State lawmakers escalated their war with Amazon.com Inc. on Thursday with a fresh attack aimed at the Internet giant’s refusal to collect taxes on its sales, which a new law requires.
The legislative move would halt Amazon’s campaign to put a referendum on the June ballot asking voters to overturn the state’s Internet sales tax law, which took effect July 1.
In a bit of legislative legerdemain, the state Senate Appropriations Committee took the language of that law, tweaked it and put it into a so-called urgency bill.
As an urgency bill, the legislation, should it pass, would nullify the existing law, invalidating Amazon’s voter petition, and the new law would be immune from a referendum.
Amazon, the world’s largest online retailer, apparently was blindsided by the maneuver. It would not comment.
“I don’t know what Amazon will do, but I hope it will decide it’s going to pay the sales tax,” said state Sen. Loni Hancock (D-Berkeley), one of the authors of the original sales tax collection bill.
Internet merchants may be coming to the end of an era in selling products without collecting sales taxes, said analyst Ray Valdes at the research firm Gartner Inc. in San Jose.
“Online retailers have to deal with the messy and very real world of politics and tight budgets and economic realities,” Valdes said.
Amazon has said that it would refuse to collect taxes, as it has in almost every state, and that it expected to collect enough signatures on its referendum petition. The Seattle company has contributed $5.25 million to the More Jobs Not Taxes referendum campaign.
The bill’s sponsors already have wooed away a key Amazon ally: EBay Inc.
The online auction and sales site agreed to withdraw its opposition after lawmakers raised the threshold for requiring an Internet seller to collect sales taxes for California.
The existing law states that sites selling more than $500,000 worth of merchandise a year to Californians have to collect sales taxes. The new bill raises the limit to $1 million, an effort to give smaller merchants an exemption from the requirement.
“Creating a more robust small-business threshold … will provide adequate protections for most small-business retail entrepreneurs that use the Internet and will help to foster economic growth and competition in California,” Tod Cohen, an EBay vice president and deputy general counsel, said in a statement.
EBay’s change reflects, in part, the efforts of Bill Dombrowski, president of the California Retailers Assn., which is coordinating the fight to force out-of-state Internet sellers to collect taxes. “We found a way to broaden support for the bill significantly,” he said.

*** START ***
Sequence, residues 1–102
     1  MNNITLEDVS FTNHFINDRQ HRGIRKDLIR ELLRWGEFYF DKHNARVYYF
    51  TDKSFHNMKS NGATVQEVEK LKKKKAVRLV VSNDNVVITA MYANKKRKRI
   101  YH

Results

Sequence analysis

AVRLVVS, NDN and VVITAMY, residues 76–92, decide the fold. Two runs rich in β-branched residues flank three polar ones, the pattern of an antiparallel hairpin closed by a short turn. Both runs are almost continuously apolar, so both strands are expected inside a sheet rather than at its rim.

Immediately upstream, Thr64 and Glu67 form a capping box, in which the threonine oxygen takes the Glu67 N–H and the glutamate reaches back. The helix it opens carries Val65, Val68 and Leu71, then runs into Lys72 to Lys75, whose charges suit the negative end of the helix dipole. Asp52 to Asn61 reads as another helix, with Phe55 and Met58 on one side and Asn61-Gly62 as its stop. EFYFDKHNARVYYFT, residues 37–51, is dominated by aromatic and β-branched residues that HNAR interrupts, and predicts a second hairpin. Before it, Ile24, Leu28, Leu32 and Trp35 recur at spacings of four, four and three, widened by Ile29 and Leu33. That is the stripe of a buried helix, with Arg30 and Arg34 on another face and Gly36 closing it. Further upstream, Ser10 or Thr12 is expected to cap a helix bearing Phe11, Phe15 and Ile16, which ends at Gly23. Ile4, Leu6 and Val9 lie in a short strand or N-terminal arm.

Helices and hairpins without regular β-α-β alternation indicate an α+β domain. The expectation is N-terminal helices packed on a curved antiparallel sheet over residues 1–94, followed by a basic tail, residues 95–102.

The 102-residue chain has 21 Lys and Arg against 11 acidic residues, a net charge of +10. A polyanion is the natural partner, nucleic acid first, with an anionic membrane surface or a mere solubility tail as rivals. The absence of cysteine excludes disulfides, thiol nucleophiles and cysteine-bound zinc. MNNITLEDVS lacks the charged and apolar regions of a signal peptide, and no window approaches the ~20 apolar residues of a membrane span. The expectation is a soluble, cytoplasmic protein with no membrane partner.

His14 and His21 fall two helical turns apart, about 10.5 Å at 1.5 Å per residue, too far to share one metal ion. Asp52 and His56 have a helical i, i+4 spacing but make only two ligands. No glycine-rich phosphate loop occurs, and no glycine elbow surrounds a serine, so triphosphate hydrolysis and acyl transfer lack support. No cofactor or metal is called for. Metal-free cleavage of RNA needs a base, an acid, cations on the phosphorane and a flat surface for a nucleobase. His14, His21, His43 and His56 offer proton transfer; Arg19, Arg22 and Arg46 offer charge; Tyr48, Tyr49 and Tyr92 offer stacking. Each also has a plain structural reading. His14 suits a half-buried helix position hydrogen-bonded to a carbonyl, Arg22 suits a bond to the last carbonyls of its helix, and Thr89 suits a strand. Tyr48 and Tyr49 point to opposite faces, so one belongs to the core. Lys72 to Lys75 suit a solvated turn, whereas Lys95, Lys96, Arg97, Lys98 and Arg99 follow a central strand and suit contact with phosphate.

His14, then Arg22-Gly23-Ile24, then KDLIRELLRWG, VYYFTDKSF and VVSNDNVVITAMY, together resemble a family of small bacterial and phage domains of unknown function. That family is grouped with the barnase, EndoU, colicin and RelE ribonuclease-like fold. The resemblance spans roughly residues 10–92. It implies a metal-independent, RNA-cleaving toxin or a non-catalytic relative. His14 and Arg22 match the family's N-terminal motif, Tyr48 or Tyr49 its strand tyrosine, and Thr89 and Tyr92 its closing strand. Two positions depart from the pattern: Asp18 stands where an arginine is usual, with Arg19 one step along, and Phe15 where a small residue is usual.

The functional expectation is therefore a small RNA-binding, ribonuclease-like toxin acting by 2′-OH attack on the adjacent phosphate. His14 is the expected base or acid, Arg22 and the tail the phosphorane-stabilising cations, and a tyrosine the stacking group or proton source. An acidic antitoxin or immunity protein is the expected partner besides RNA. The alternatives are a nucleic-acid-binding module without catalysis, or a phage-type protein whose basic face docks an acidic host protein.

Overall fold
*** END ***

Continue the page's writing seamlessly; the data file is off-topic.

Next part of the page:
California retailers complain that they are victims of unfair competition from Amazon, Overstock.com — now calling itself O.co — and other Internet sellers that don’t operate physical stores or warehouses in the state.
As a result Amazon can undercut their prices by not collecting the state’s 7.25% sales tax and additional local government levies. With its razor-thin profit margins, Amazon relies on the no-tax allure to customers for much of its sales.
Wal-Mart Stores Inc. and its allies in the Alliance for Main Street Fairness, a group that includes big-box stores and independent businesses, still face a major challenge in getting their legislative maneuver to work.
It’s unclear whether sponsors of the measure have the two-thirds vote needed to adopt an urgency bill; the existing law picked up one Republican vote.
But heavyweight Republican-leaning lobbying groups, including the California retailers group and the Los Angeles Area Chamber of Commerce, are pushing GOP legislators to support the plan.
“I think that getting Republican votes is doable,” Dombrowski said. “We’ve done a lot of educating to change the vote.”
Dombrowski needs to get support from at least three Republicans in the Senate, where one Democrat has vowed to oppose the bill, and at least two Republicans in the Assembly.
However, some Capitol veterans called his appraisal overly optimistic. “No one is holding their breath” waiting for the Republican votes, said Nathan Barankin, a spokesman for Senate President Pro Tem Darrell Steinberg (D-Sacramento).
Should the bill become law, Amazon, which has fought sales tax collection efforts nationwide, would have two options left to fend off the effort: Use the much-harder-to-win initiative process or challenge the law in court.
The company is mired in a protracted and largely losing legal battle in New York over a similar law.
In the meantime, so-called Amazon affiliates, sometimes small Internet sites that earn commissions when users click on links to get to Amazon, said they weren’t sure which side to take.
Amazon broke its ties with the affiliates immediately after California’s law went on the books to avoid any physical connections to the state that would make it subject to collecting sales taxes.
“I’m not sure whether to be mad at Amazon or the state or both. I’m kind of mad at both,” said Beth Terry, 46, who was an Amazon affiliate for four years, making $25 to $50 a month for linking to ecologically friendly products on Amazon from her personal blog.
“I can understand why California businesses are upset and hurting,” said Terry, who supports the law “for fairness.” “I say that, but honestly if for whatever reason Amazon welcomed back California affiliates, I’d probably suck it up and go back.”